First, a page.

ZLBT Chats

Tuesday, February 23, 2010

Oh! Crystal Ball, Show Me the Future

What is the intermarket relationship between other market indices and/or such as the Dow, Soil Oil, Crude Oil, Palm Oil, the U.S. Dollar, and the futures market?

For example if I look at the futures market the night before, can this be used to gauge the next day’s market open or close? Thanks for all your very informative articles. They are always very helpful and interesting ........

From Thomas Lee Melaka


To understand the answer I will soon give, you need to understand the basic definition of futures trading, so here it is …

“A futures contract is a standardized contract to buy or sell a specified commodity of standardized quality at a certain date in the future and at a market-determined price (the futures price). The price is determined by the instantaneous equilibrium between the forces of supply and demand among competing buy and sell orders on the exchange at the time of the purchase or sale of the contract.”

The relationship between the future price and current price is real but extremely fluid. For example, Trader “A” might look at the futures market price of XYZ and see that the price is higher. That trader might determine that the trend of XYZ will be toward that higher future price and so he or she might take a long position based on belief that the futures price is correct. Trader “B” might see the same futures price of XYZ and then take the opposite position. Which way the majority of traders go is dependent on a wide variety of factors, too numerous and specific to mention here.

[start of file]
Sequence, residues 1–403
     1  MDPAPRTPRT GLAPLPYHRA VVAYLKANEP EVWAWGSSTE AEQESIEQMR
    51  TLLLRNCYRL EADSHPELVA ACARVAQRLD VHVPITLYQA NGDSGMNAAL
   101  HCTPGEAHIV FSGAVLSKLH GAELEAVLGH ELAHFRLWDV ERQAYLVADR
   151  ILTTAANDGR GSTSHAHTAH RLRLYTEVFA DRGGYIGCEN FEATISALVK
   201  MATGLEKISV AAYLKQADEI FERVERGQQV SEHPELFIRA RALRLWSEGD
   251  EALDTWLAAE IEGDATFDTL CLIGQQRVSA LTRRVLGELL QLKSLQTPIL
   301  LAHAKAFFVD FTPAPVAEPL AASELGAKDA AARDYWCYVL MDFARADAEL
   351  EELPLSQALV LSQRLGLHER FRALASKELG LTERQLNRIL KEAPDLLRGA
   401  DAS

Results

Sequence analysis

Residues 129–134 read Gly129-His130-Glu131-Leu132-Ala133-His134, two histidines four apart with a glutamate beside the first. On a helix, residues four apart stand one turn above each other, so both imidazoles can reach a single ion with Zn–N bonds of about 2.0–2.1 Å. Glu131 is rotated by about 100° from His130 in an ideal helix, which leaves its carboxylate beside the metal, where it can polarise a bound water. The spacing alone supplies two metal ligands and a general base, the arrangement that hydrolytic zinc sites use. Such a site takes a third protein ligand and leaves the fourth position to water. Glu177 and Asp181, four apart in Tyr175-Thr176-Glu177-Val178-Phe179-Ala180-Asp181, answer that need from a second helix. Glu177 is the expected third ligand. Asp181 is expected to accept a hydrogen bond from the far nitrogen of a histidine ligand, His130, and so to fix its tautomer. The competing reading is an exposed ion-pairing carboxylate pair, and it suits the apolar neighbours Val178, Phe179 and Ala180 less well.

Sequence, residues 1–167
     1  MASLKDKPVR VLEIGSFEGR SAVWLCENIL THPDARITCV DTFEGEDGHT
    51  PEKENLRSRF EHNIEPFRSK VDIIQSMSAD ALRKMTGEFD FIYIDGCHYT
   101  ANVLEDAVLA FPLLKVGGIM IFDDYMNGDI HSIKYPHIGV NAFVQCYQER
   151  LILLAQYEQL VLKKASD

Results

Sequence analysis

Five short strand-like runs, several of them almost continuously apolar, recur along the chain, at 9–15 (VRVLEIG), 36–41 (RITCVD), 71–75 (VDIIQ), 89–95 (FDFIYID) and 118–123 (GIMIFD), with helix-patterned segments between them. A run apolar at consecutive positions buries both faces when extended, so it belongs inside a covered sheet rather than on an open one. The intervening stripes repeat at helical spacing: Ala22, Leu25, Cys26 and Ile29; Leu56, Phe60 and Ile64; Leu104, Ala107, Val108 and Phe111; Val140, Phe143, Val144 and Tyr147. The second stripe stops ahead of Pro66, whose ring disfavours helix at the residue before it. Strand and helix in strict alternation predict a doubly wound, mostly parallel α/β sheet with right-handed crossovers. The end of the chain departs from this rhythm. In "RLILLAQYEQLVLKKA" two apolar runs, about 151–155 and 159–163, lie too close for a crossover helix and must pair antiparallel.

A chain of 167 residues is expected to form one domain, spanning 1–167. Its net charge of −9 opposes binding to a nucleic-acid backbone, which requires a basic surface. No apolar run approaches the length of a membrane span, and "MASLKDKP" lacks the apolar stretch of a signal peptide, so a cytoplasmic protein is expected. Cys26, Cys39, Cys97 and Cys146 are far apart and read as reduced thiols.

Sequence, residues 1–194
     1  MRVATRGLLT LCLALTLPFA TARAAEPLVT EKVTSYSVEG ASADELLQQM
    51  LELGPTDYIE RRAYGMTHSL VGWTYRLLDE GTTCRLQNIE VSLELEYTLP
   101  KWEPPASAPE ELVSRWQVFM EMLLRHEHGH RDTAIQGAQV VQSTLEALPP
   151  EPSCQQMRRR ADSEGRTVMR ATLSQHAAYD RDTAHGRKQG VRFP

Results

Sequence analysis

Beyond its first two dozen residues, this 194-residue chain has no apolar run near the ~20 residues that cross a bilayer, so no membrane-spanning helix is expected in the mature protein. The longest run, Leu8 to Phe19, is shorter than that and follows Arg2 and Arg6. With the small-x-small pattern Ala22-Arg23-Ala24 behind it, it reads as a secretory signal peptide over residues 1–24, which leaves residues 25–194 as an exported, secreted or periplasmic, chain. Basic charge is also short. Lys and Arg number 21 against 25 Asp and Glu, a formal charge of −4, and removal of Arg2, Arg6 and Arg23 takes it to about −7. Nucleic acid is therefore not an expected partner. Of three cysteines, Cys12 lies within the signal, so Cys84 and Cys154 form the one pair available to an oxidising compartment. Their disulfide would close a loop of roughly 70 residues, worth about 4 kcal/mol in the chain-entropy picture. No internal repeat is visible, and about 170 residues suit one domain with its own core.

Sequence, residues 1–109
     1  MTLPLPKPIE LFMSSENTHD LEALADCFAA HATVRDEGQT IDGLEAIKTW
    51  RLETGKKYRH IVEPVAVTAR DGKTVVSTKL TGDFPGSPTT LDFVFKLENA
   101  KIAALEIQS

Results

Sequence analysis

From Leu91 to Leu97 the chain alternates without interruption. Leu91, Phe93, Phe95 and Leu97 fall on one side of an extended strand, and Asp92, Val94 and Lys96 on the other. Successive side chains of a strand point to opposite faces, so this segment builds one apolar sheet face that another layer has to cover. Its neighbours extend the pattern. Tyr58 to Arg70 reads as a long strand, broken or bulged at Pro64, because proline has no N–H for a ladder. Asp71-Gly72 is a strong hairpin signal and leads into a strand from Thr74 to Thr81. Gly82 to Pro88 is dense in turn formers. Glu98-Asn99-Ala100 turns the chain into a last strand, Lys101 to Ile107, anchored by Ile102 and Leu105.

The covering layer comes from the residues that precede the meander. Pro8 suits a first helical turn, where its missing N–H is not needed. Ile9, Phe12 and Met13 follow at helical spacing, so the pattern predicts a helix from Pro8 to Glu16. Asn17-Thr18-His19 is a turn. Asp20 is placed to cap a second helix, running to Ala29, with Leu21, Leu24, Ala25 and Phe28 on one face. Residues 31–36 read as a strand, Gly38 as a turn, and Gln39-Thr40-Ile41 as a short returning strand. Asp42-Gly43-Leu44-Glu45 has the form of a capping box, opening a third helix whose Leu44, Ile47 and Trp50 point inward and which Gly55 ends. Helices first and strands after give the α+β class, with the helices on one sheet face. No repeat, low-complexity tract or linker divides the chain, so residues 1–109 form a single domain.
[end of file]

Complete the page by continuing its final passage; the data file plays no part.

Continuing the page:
To use the futures price of XYZ as an indicator of the open or close price of a specific market on a specific day is only helpful if you understand the other variables affecting the price of the specific market you wish to trade. The futures market is one factor to consider.

For example, if you see the futures price of Soybean Oil going higher 90 days out, you might think the price of Soybean Oil will trend higher, so you buy long the next day. Mid-afternoon, a report comes out announcing an oversupply of Soybean Oil on the market. The current price drops. What do you do? It is the same for the indices as it is for any market—things can change, and change quickly depending on what the market knows now, in the moment.

In general, though, one could look at the futures market the night before and get a “feel” for the next day’s action, but it is only a feel. You must have all of your other “ducks in a row” in order to use the “indicator” reliably.

Inventories, productions or geopolitical discrepancies can alter some sentiments or even a whole trend with natural phenomenons such as El Nino, hurricans or industrial strikes which is all possibilities, and usually does, make a dramatic turnaround of the futures' prices you were looking at the previous night.

Be prepared for such eventualities at any given time usually withour prior warnings. The only certainty closes to a sure thing is the sun will always rises in the east and sets in the west.




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